• Izak Hannard

Holly Jade O'Leary on fashion sustainability and how the U.N. is set to tackle the issue in 2019

Holly Jade O'Leary's luxury fashion editorial campaign. The Modern Muse. Photo courtesy of Duncan Telford, accessorised by Lily Flo Jewellery.

Fashion is one thing, but to make it sustainable is another - and for the industry to function ethically, the importance of combining these elements in 2019 is crucial! We've seen bold fashion choices these past few years and that's certainly where the trend is at. Empowering the self through feeling confident in what you wear, styling your own outfit and being loud and proud about it. However, aside from the creative flare from emerging designers, the industry has to now start looking at how we can make fashion sustainable in 2019.

The Burberry scandal that surfaced in early 2018 was a reminder that more needs to be done in fashion than previously thought. The scandal saw Burberry dispose of £10 million worth of produce, which caused an uproar across the media and started a mission of awareness to tackle the growing issue surrounding sustainability.

Environmental awareness is key and in 2019 it is looking like it will be a turning point for the fashion industry in strategising how we can make fashion affordable and ethical.

Fashion designer Holly Jade O’Leary told us more on the fashion sustainability issue we face today. Holly Jade O'Leary has previously styled for Princess Eugenie, Anna Friel and Pearl Lowe, in her former role as manager and head stylist at Prangsta. Holly has since moved on to exhibit as a fashion designer at St Andrews University and Sketch and is no stranger when it comes to supply and demand in fashion - detailing why Burberry made the controversial choices they did in 2018.

Holly Jade O'Leary's luxury fashion editorial campaign. The Modern Muse. Photo courtesy of Duncan Telford, accessorised by Lily Flo Jewellery.

“When we discuss fashion sustainability, luxury fashion houses must be able to complete their stockists orders with stock and employ expert strategists and in-house risk analysts to forecast to meet demand.”

“One of the reasons why Burberry disposed of a vast number of cosmetics was that the FTSE 100 company had signed a new deal with Coty, the US retail giant and reinvented their identity resulting in the wastage of £10,000,000 worth of products.”

Holly Jade O'Leary is passionate about fashion sustainability and has raised awareness through her beautiful textile art collection, which was exhibited during London Fashion Week 2018. The designs were even accessorised by Cred Jewellery who were crowned ethical jeweller of the year 2018. It was attended by Baroness Lola Young OBE.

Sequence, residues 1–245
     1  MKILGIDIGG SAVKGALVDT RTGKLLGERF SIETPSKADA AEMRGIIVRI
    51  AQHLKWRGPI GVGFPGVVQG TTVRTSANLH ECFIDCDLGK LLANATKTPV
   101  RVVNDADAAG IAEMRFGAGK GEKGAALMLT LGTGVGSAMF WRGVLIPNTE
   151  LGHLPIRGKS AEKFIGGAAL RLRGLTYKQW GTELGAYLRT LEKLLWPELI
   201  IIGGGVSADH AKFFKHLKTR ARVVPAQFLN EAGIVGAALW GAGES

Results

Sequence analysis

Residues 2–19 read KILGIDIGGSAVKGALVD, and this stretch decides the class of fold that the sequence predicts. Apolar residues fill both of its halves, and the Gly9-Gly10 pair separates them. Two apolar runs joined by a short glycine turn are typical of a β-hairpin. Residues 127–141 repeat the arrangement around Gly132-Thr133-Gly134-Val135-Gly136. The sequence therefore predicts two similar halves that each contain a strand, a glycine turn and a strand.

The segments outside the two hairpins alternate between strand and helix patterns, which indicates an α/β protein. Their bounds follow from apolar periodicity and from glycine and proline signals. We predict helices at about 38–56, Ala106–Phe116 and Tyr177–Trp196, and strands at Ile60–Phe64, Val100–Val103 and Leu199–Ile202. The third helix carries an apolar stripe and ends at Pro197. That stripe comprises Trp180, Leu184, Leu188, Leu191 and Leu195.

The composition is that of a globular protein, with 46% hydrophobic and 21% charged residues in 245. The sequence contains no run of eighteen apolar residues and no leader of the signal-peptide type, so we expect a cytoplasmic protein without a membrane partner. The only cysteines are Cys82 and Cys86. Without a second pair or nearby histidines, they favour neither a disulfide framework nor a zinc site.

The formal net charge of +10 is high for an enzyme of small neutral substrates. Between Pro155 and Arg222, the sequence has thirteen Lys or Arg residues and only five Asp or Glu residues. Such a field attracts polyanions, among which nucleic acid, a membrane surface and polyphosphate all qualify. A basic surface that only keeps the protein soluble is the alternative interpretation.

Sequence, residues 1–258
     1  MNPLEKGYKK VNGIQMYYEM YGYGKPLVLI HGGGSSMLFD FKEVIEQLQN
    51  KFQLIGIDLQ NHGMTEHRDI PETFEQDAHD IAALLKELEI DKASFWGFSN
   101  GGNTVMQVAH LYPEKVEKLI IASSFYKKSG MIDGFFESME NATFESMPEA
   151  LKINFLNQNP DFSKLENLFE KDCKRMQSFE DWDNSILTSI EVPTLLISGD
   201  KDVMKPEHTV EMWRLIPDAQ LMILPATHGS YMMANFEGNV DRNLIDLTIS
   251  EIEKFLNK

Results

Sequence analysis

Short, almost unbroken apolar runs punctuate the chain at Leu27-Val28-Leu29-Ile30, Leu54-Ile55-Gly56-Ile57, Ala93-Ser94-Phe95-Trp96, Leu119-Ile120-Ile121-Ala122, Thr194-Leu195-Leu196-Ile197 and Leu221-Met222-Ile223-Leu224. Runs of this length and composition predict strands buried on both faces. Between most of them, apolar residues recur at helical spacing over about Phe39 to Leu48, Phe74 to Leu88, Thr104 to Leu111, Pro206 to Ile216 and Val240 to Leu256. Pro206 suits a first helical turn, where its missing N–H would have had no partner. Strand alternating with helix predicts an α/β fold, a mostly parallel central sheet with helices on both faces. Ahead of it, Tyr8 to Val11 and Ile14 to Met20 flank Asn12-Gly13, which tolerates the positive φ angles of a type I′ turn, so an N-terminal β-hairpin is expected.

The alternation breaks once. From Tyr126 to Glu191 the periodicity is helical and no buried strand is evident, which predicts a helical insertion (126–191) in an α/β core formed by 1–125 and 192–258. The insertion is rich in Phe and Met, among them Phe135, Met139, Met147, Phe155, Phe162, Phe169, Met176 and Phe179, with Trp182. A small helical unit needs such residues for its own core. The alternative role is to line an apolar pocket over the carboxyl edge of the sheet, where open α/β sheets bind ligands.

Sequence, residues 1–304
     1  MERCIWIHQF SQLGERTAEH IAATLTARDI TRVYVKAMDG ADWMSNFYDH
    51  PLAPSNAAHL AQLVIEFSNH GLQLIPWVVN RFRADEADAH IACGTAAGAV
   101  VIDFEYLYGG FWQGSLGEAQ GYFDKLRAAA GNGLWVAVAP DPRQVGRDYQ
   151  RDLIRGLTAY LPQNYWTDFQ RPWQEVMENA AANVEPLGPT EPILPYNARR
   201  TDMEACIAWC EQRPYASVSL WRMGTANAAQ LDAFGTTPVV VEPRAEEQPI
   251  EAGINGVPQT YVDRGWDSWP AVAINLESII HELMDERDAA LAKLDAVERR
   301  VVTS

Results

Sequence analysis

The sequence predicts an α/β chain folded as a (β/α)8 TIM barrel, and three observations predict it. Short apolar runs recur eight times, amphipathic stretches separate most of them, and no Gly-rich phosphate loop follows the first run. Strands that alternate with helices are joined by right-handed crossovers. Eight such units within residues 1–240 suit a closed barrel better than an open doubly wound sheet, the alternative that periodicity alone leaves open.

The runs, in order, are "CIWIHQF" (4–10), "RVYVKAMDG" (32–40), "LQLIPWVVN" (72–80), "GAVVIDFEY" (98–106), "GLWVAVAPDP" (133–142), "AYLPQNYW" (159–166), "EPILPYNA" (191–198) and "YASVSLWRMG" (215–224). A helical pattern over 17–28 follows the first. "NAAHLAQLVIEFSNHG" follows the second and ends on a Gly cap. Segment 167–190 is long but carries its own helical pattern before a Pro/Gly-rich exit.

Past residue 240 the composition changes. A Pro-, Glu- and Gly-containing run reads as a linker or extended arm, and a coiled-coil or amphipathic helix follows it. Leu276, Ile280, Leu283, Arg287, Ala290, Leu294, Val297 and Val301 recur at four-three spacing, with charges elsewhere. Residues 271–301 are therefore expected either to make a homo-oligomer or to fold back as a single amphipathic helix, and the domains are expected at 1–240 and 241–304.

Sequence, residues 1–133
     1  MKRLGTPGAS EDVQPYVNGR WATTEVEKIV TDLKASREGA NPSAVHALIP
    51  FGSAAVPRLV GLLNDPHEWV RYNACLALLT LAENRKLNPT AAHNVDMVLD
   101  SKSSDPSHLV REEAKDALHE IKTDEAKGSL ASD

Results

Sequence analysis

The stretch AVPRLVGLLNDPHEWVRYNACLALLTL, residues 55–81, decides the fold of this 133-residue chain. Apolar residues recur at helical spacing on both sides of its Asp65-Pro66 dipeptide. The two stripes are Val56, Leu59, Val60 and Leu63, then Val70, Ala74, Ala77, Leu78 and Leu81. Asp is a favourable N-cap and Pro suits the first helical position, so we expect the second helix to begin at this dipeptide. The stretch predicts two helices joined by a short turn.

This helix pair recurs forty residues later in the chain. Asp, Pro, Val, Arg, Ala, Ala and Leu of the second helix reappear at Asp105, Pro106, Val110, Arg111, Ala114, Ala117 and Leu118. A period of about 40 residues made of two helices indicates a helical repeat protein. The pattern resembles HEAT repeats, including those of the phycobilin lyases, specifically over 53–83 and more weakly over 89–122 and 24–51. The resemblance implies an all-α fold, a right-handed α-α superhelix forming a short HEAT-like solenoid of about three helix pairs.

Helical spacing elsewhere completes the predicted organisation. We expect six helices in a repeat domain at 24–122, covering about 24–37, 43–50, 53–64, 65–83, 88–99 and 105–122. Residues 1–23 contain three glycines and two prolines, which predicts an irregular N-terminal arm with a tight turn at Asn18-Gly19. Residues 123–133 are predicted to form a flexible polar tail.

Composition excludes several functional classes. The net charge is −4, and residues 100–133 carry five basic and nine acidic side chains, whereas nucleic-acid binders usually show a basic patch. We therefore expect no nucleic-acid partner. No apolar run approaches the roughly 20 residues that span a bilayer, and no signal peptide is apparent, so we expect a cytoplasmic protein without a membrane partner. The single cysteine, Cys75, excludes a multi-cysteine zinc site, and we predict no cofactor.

Holly Jade O'Leary went on to say "In considering the scandal the entire supply chain infrastructure of the fashion industry has to be illuminated. The Business of Fashion 2018 states that: "excess inventory constituted $472 billion of total lost retail revenue globally in 2015, an increase from $362 billion in 2012."

"Burberry were not alone, with Swiss watchmaker Richemont, who own Cartier and Montblanc having destroyed nearly €500m of its designer stock, and in 2017 H&M were discovered to be powering the city of Sever in Sweden by incinerating €15 million worth of stock which was being burned instead of coal as fuel."

Holly Jade O'Leary's luxury fashion editorial campaign. The Modern Muse. Photo courtesy of Duncan Telford, accessorised by Lily Flo Jewellery.

"The over supply of stock to retailers could potentially be minimised in future by use of VR installations so that customers can establish a simulation and fitting with products before they are made to order, minimising stock but requiring the paradigm shift within the way we shop for fashion from immediate gratification to a more considered approach."

"Much could be done to raise consumer awareness of waste in the fashion industry and facilitate access to clothing recycling banks within the UK population, with 300, 000 tonnes of textiles sent to landfill each year."

In 2019, we hope to see a brighter future in fashion shining the light on the issues we still face and raise awareness on how we can be environmentally aware. It's looking to be an interesting time in the fashion industry as we begin 2019.

The recent initiation of the United Nations Fashion Industry Charter for Fashion launched at the COP24 talks held in Katowice, Poland in December saw Stella Mccartney lead in introducing 43 brands including Burberry, Adidas, Kering, H&M and Hugo Boss to implement and support the 16 principals and targets that underline the Fashion Climate Charter, which includes a net zero emissions policy by 2050.

It's looking to be an interesting shake up, as progress is made towards transparency and responsibility within the fashion industry in 2019.